Tech growth platform with backing from an international network of tech founders, Norrsken22 has raised its first close of $110 million from the targeted $200 million funding aimed at supporting African startups.
The funding dubbed, “Norrsken22 African Tech Growth Fund” is a function of partnership with thirty unicorn founders, top venture capitalists and private equity investors, aimed at providing African startups with the necessary fundings needed. Norrsken22 plans on securing what is left of the funding by the close of 2022.
From the $110 million raised, a total of $65 million comes from a group of unicorn founders globally, the likes of Flutterwave co-founder, Olugbenga Agboola; Skype co-founder, Niklas Zennström; iZettle co-founder, Jacob de Geer; Delivery Hero co-founder Niklas Östberg, Carl Manneh, co-founder Mojang; Sebastian Knutsson, co-founder King; and Willard Ahdritz, founder of Kobalt Music.
The funding was led by Hans Otterling, partner at Northzone, a U.K.-based early VC firm and also saw participation from Natali Kolbe, the ex-global head of private equity at Actis, a private equity fund investing in emerging markets; her colleague, Ngetha Waithaka; and Lexi Novitske, the ex-managing partner at Acuity Ventures Platform.
Founded in 2016 by Niklas Adalberth – one of the founders of Swedish fintech unicorn, Klarna, Norrsken22 is aimed at helping entrepreneurs solve various challenges in that sector.
In 2019, the foundation launched operations in Kigali, Rwanda, which it said it planned to use as a base for investing across the East and Central African region.
In 2021, it accepted 11 startups from Africa into the inaugural edition of the Norrsken Impact Accelerator.
As a result of the challenges faced in the African continent around the shortage of growth and late-stage checks in startups, having many deals often financed by international VCs and local investors prefer to focus on pre-seed to Series A rounds with micro to medium-sized funds, Lexi Novitske, the ex-managing partner at Acuity Ventures Platform in Nigeria said, “Usually, founders, as they grow and want to scale, have to take time away from their business and spend it with Silicon Valley-based investors who they have to educate on the Africa growth story.“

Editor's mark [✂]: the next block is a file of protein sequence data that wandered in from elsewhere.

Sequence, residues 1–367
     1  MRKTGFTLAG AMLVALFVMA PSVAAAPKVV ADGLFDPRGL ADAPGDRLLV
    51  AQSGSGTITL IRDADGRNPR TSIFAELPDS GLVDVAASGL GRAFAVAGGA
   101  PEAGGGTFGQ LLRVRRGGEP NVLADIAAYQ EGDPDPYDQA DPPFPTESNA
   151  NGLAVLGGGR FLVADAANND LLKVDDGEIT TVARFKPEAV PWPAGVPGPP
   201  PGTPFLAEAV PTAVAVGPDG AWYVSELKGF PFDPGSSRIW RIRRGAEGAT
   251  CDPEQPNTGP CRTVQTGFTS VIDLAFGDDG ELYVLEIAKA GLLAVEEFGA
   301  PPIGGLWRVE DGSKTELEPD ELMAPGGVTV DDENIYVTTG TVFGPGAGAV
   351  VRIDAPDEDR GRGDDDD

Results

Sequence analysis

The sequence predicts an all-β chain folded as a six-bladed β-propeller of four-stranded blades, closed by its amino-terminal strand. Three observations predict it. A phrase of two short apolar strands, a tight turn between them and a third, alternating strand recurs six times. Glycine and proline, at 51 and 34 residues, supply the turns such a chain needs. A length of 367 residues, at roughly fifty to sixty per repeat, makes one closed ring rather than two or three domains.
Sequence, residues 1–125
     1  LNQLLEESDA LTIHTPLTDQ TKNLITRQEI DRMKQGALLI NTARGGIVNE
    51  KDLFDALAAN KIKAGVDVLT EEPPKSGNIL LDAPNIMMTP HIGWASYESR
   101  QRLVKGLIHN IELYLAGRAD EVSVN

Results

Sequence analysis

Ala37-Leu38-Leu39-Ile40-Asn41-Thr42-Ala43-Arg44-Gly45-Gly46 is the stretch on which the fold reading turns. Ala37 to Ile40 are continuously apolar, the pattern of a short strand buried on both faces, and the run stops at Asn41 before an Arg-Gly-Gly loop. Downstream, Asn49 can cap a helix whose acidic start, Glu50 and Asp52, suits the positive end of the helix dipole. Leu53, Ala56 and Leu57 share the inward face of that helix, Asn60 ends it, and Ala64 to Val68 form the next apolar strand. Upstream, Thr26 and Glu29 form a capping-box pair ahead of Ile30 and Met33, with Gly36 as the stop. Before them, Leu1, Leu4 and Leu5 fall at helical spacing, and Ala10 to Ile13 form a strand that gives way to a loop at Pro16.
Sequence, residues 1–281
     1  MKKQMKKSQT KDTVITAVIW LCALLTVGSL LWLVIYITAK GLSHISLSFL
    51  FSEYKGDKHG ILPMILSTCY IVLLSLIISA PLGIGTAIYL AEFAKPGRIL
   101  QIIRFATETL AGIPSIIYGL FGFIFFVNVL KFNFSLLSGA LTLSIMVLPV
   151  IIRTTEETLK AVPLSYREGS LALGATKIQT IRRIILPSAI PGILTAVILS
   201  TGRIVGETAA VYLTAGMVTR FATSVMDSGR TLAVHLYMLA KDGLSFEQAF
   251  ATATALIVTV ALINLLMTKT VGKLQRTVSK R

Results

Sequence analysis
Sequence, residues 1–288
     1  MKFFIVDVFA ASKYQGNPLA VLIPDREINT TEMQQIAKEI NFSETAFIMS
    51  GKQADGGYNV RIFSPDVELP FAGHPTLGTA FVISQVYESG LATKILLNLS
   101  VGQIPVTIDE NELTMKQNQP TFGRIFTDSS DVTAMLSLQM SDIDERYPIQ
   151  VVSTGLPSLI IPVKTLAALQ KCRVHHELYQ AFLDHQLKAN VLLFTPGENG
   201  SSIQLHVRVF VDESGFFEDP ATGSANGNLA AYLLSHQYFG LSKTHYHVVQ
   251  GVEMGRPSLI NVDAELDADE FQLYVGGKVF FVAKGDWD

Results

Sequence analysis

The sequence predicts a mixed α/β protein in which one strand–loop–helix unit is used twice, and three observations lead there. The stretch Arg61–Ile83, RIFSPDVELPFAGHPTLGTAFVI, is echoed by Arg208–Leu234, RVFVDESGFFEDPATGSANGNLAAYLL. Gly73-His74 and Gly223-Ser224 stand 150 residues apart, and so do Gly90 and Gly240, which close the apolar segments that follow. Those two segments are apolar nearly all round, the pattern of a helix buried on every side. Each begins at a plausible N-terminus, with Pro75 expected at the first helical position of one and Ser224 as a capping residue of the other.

“These investors are coming with their capital, which is valuable, of course, but they’re not coming with the local knowledge to help those companies scale across the continent and that’s the missing middle that we’re looking to unlock with this fund”, he added.
Ngetha Waithaka of Actis stated that beyond Series B rounds, Norrsken22 is willing to go beyond that stage as it looks to invest 40% of its capital, about $80 million in Series A and B companies and the rest in follow-on rounds from Series C up until exit.
In essence, the firm is planning to scale up 20 investments at an average ticket size of $10 million and may go as high as $16 million, including follow-on rounds in some portfolio companies.
Natali Kolbe, the ex-global head of private equity at Actis, also added, “I think that reserve capital pool is really important because we do want to have the ability to support companies through their entire lifecycle. Innovation is uncertain, and it doesn’t happen overnight, so we want to be sure to be able to support the top winners in the company so they can be the champions in the tech ecosystem.”